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Excerpt from The Raven's SealExcerpt from The Raven's Seal
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THE SARACEN'S SHIELD, under the ferocious sign of a moon-shield and scimitar, balanced on the edge of the Pentlow in Calderhithe, and seemed to have a mind to get into the river altogether, as though to wash off the taint of its patrons, extending a set of rooms over green and rickety pilings. Here, the quality of Airenchester paused to carouse with the lower orders, though it is hard to say who gained the greater profit thereby.

The long tables were full, coins rattled, and tankards struck the benches; and in the corners, certain figures bent to their business and none came near. Mr. Grainger and Mr. Quillby had a settle by the fire and were pretty pleased with themselves at this discovery.

"You left the Stepneys' ball early," observed Quillby.

"It was becoming intolerable," said Grainger. "All flirting and convention. I would be free of that, at least."

"There were no compensations for attending?"

"I saw Piers Massingham in a superior mood and gave him no satisfaction. There is some reward in that, I suppose."

Quillby frowned. "You will bait him too much one day. He is ambitious and ill-tempered. I hear he has drawn blood in quarrels before this."

Grainger dismissed this with a wave of his hand.

"I thought, perhaps, she was there?" continued William Quillby, after a moment's reflection.

"My dear fellow, who do you mean? Are you looking for topics for the society pages? I could supply you a scandal or two."

"Obliged, I'm sure, but you know quite well I mean Clara."

Grainger raised his cup and addressed it rather than his companion. "Miss Grimsborough was there."

"And how was she?"

"She looked quite fetching, not entirely fashionable, but charming."

Quillby allowed himself a sigh, lost in the hubbub of the room. He accounted himself an admirer of Miss Grimsborough's, but no suitor. "How an angel like that has such an Ogre and a Terror for a father, I don't know." Captain Matthew Grimsborough, the young lady's father, was master of the city watch, a dour, unyielding man, and the bane and perplexity of his daughter's admirers.

"But I have no name, and few prospects, to offer her," Quillby finished, downcast.

Grainger looked aside at his friend and said, "You know more about this town, high and low, than anyone—which I esteem, if no other will."

"That is all very well for you to say," said William, without rancour. "But I have no property to draw on."

Grainger prepared to speak some further encouragement when he checked himself.

The street door had opened, and a girl came in. She was simply dressed and alone. The heat in the Saracen was fierce, and she let fall her shawl to her shoulders. A very fine profile, Grainger thought. The strong line in the cheek, the nose, the firm chin, the pleasing mouth, held his attention. She looked around. Grainger saw the set cast of her face: determined and undaunted.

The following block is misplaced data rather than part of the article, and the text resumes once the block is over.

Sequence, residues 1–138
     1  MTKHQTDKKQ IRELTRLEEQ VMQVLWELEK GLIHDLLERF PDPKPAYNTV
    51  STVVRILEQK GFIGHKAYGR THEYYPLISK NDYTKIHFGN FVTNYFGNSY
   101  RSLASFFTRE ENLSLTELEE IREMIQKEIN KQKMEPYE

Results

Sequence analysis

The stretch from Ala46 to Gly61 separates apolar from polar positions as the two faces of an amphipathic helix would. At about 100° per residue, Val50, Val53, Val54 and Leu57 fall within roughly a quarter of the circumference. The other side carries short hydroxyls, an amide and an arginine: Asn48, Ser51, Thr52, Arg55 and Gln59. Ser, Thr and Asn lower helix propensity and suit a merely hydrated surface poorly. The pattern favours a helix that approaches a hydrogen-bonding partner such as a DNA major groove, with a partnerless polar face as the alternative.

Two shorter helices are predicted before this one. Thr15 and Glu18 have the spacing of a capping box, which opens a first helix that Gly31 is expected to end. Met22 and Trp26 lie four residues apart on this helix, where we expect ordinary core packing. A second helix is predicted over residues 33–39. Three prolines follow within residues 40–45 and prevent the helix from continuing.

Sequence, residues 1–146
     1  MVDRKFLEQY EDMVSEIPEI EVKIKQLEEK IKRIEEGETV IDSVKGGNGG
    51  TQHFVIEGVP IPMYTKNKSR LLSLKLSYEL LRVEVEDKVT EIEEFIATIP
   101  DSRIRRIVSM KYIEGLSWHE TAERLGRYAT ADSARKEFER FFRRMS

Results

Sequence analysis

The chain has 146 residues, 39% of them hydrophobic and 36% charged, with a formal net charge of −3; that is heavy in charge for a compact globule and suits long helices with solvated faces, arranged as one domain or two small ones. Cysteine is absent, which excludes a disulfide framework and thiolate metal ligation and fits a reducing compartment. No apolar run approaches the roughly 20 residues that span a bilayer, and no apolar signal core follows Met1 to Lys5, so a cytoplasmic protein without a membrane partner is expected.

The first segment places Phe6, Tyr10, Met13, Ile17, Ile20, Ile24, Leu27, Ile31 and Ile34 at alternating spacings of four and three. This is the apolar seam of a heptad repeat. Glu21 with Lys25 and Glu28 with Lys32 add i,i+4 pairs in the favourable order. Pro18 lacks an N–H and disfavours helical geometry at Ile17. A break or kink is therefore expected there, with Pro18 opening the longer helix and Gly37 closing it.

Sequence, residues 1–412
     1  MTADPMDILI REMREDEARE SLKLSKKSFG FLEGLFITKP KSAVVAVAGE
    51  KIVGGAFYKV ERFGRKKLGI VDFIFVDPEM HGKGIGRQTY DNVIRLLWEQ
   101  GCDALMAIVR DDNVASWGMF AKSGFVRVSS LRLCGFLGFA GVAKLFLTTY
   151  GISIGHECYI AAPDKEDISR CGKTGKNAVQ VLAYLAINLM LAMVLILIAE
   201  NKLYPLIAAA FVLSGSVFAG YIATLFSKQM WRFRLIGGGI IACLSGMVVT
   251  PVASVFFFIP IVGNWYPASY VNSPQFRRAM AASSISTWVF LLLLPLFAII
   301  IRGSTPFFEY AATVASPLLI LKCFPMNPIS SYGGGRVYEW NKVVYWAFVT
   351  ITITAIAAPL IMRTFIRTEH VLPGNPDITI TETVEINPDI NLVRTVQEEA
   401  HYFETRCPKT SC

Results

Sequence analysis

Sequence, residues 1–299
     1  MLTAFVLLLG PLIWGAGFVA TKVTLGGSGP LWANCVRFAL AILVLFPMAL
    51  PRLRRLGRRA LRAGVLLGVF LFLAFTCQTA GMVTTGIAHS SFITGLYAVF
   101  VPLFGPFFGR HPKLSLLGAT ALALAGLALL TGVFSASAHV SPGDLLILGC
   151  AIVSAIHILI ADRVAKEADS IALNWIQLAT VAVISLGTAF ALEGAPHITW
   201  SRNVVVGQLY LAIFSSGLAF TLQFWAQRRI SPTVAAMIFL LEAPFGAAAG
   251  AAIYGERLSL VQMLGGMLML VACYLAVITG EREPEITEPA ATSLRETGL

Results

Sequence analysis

"My dear fellow," he said instead, "can you pass the bottle?"

The girl pushed through the crowd towards an open booth at the other end of the common room. A collection of low, suspect men lounged around a table on which were spread copper coins, tankards, clay cups, pipes, tobacco, and an unsheathed knife. Thick smoke stirred about them. She stopped behind a narrow-shouldered boy.

The bottle was set in his hand, but Grainger put it down.

The girl touched the boy on the shoulder and said something. He shook her off and did not look up. She tapped him the shoulder again, and he looked around. She spoke and gestured. He scowled and shrugged. The girl arched up, a flicker of anger in her eyes. She gestured again, towards the hill. A man at the table laughed and shook his hand at the boy. The girl folded her arms. Slowly, the boy yielded and stood from the bench.

"Say," asked Grainger, "who is that girl there?"

"Which girl?"

Grainger leaned forward and pointed. "That fine, angry girl, there, with that surly lad."

Quillby squinted at the shadows of the common-room. "I don't know her. I can't say if she has ever been here before."

"But what is her name?" Grainger persisted.

"How the devil should I know?" Quillby drank and put his cup down. "The boy is often here." He lowered his voice, and Grainger leaned closer to catch him. "He runs errands and trails after Dirk Tallow's crew."

Grainger caught the arm of the pot-boy.

"Another bottle, sir?" said the alert servant.

"Presently. Who is that girl there?"

"A girl, sir?"

"Thaddeus," said Quillby, as though calling him away.

"That girl," persisted Grainger. "Look there. She is marvelously angry!"

"Don't know her," concluded the pot-boy.

"The young fellow, then, with her."

"That! That's just Silas Redruth's lad, Toby."

"Thank you."

"And that bottle, sir?"

"Get on!"

The girl and the boy were leaving. Near the door, the girl rested a hand lightly on the boy's head in a gesture more tender than impatient.

"As I thought," said William, hasty to conclude. "But the girl, I think, is decent enough. What can you want with her?"

"Nothing. Nothing at all. Yet, she's an extraordinary creature."

"Surely you have no thoughts of her?"

"None. Not a thought in the world. I have not seen her before. It is the slightest thing. No matter at all. She is leaving."

Grainger turned to the cup and the dark green bottle, poured a fresh measure, and eased closer to the fire.